Animation by Kayelle Allen at The Author's Secret

Saturday, November 3, 2012

That ever so tedious misplaced apostrophe

Someone followed me on Twitter recently claiming to write 'Kid's books'.  Now I try so very hard to ignore misplaced apostrophes in the general public, but when a writer demonstrates a lack of understanding of the rules for them, I get a little bit upset.  Especially when they are writing kids' books.  It makes me wonder what standards they are setting for young readers.  So here's a quick lesson on the possessive apostrophe (which seems to be the one that causes most problems) purely for anyone who is confused about the rules.

I used to teach my students a little mantra and make them repeat it by rote every time they wrote an essay (love homophones too!)  for two weeks until they'd fixed it in their minds.  If people will only take the trouble to do this, they will never misuse the possessive apostrophe again.

It goes like this:

The girl's bag
The girls bag.  To find out where the apostrophe goes, you need to ask who does the possessing or owning.  In this case, it is the girl, therefore place the apostrophe after girl = the girl's bag.

The girls bags.  Well, of course it's possible the girl has several bags, but hopefully the context will make that clear.  If we assume there are several girls owning the bags, we ask the same question: Who owns the bags? 

In this case the answer is the girls, therefore, place the apostrophe after girls
= the girls' bags.

Let's try another:

The teachers' meeting

The teachers meeting is in the library. 
Question: Who 'owns' the meeting? Answer: the teachers (very unlikely to be one teacher having a meeting alone) so, place the apostrophe after teachers 
= the teachers' meeting is in the library.

The children's toys

It works exactly the same with plural nouns.

The childrens toys. Question: Who owns the toys?
Answer: the children.  This is already plural but the principle is exactly the same, therefore, place the apostrophe after children
= the children's toys. 


The lady's (or ladies') shoes
The ladys shoes = the lady's shoes (one lady owning more than one shoe)

The ladies shoes = the ladies' shoes (several ladies owning more than one shoe).

So just ask yourself when you write kids books - who are the books for? Answer: the kids - therefore place the apostrophe after kids = kids' books.

Kids' books

It really is that easy.


Robin Kaye said...

Thanks for that. I'm one of those writers who always struggles with where exactly to punctuate. This definitely helped.

ManicScribbler said...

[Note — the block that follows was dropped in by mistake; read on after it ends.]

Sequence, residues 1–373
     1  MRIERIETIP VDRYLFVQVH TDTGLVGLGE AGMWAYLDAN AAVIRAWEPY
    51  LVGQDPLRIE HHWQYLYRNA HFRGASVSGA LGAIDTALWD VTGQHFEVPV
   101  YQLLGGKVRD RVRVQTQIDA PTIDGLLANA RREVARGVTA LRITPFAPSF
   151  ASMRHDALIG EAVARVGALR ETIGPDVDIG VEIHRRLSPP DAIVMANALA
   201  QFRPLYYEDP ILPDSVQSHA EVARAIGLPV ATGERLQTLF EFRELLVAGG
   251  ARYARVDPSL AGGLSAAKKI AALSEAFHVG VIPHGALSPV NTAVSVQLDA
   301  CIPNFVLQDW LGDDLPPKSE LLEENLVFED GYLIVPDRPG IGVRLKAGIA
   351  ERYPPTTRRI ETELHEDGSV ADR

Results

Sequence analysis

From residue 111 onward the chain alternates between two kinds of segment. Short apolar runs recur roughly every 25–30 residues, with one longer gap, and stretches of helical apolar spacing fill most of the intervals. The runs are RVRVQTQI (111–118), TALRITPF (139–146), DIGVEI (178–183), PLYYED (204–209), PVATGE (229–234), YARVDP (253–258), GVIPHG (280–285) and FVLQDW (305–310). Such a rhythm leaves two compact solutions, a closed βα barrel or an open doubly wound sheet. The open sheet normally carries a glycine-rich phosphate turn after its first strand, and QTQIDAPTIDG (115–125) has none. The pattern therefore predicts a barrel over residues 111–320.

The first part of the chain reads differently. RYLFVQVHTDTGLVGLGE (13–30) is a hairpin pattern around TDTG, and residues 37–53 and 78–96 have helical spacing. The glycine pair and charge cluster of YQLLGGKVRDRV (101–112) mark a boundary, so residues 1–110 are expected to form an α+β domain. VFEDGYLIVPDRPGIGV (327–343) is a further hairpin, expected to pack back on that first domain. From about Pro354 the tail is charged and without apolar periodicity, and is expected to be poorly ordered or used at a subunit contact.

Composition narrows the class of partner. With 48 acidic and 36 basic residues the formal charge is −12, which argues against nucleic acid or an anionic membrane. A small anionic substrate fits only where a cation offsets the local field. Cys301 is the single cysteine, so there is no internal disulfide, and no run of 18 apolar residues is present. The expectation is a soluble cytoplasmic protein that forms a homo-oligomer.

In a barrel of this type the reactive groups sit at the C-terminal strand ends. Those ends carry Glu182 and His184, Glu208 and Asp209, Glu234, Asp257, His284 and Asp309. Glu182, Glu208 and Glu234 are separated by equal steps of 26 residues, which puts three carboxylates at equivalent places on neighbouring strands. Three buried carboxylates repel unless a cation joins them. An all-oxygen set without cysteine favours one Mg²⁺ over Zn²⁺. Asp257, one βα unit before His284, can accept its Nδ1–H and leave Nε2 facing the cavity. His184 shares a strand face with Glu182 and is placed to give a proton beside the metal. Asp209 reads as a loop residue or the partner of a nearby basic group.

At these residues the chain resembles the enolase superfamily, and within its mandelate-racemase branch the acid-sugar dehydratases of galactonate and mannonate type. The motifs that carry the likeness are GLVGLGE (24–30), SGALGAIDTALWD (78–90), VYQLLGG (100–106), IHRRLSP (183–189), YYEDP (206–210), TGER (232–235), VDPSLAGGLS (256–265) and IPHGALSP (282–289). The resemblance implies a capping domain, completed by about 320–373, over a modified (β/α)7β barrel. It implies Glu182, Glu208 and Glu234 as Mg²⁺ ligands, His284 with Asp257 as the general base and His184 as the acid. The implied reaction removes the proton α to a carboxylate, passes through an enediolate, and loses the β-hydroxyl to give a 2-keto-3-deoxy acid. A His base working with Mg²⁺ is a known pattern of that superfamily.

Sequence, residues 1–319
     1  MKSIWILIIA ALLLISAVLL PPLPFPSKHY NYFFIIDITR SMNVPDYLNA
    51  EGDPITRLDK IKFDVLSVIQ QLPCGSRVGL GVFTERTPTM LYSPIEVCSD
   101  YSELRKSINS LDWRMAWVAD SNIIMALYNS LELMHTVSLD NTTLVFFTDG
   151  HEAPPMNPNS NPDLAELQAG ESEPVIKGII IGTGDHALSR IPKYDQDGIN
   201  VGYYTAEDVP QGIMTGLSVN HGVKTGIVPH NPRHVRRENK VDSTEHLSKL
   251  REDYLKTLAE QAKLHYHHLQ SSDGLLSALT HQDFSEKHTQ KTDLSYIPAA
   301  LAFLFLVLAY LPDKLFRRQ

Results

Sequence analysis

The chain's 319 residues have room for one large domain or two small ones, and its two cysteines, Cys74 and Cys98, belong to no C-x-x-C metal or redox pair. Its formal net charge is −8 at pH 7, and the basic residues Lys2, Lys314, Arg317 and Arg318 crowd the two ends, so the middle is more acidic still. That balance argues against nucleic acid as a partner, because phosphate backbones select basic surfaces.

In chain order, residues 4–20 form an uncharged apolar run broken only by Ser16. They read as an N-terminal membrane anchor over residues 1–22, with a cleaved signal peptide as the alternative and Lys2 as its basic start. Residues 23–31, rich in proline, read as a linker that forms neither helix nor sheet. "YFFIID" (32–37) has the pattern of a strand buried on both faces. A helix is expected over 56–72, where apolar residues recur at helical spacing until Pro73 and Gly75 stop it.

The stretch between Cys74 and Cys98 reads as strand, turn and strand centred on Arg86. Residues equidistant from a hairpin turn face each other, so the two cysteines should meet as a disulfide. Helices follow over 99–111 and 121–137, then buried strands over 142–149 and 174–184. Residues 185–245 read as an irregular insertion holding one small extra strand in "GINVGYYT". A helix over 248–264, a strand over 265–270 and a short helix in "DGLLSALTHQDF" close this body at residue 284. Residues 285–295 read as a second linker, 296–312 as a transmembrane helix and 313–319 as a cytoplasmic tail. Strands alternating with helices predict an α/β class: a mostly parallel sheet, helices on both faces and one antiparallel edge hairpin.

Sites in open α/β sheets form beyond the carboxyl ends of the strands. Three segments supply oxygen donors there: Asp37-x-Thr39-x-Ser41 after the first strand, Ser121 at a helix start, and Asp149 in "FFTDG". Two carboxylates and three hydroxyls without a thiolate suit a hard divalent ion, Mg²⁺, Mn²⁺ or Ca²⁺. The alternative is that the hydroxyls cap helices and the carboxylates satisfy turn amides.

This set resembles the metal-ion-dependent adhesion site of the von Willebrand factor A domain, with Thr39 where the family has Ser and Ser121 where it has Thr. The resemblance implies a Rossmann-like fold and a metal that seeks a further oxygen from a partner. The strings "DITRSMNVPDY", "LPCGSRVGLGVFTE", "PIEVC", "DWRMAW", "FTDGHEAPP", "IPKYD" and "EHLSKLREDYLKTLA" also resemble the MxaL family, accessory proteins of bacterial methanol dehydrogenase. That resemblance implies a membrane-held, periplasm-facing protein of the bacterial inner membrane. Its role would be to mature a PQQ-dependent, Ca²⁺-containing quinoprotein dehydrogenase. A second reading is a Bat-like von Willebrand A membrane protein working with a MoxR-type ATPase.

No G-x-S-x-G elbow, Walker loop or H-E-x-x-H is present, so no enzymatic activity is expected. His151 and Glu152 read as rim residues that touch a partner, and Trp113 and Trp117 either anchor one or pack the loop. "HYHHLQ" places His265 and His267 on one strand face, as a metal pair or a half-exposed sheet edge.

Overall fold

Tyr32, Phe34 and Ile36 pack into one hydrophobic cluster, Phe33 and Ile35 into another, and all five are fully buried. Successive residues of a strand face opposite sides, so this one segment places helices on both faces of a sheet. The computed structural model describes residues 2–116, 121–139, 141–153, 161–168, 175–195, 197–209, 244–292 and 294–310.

I'm really glad to hear it helped, Robin. We all have our blind spots and sometimes a simple rule can help fix it in our minds.
Good luck and thanks for dropping by.

Kenra Daniels said...

Wow, my 7th grade English teacher used the same little exercise to teach us apostrophes. She had similar exercises for other concepts that were particularly difficult for us to keep straight. My favorite was "A preposition is anywhere a rat can run".

Our school lay in a river flood plain, and we occasionally had backwater standing on the playgrounds. Once in a while, a brave river rat would aspire to education, to the delighted terror of the students, LOL, so we were quite familiar with a rat's running habits.

Mrs. Dye was one of those rare teachers with a talent for putting difficult lessons into everyday contexts her students could understand. Thanks for reminding me of her!


ManicScribbler said...

What a wonderfully colourful picture you paint, Kenra. Mrs Dye sounds like the type of teacher all children would love to have and one who offers a lasting legacy.

I would love to think any of my former students remembered me with such fondness!

Thanks for sharing your story - loved it!

Rosemary Gemmell said...

Something I find even more distressing is when any apostrophe is used in straight plural words! And I've seen a few in suprising places.

Christina Carson said...

Always appreciate a grammar refresher. Thank you!

ManicScribbler said...

Yes, Rosemary, I do agree. I think at one point the apostrophe was often referred to as "apostrophe s" and that might be what caused confusion in people's minds. Old habits are quite difficult to shift.
Christina, you are welcome. Thank you both for dropping by.

Jacqueline D. Hopper said...

Refreshers are wonderful things :) Great post!

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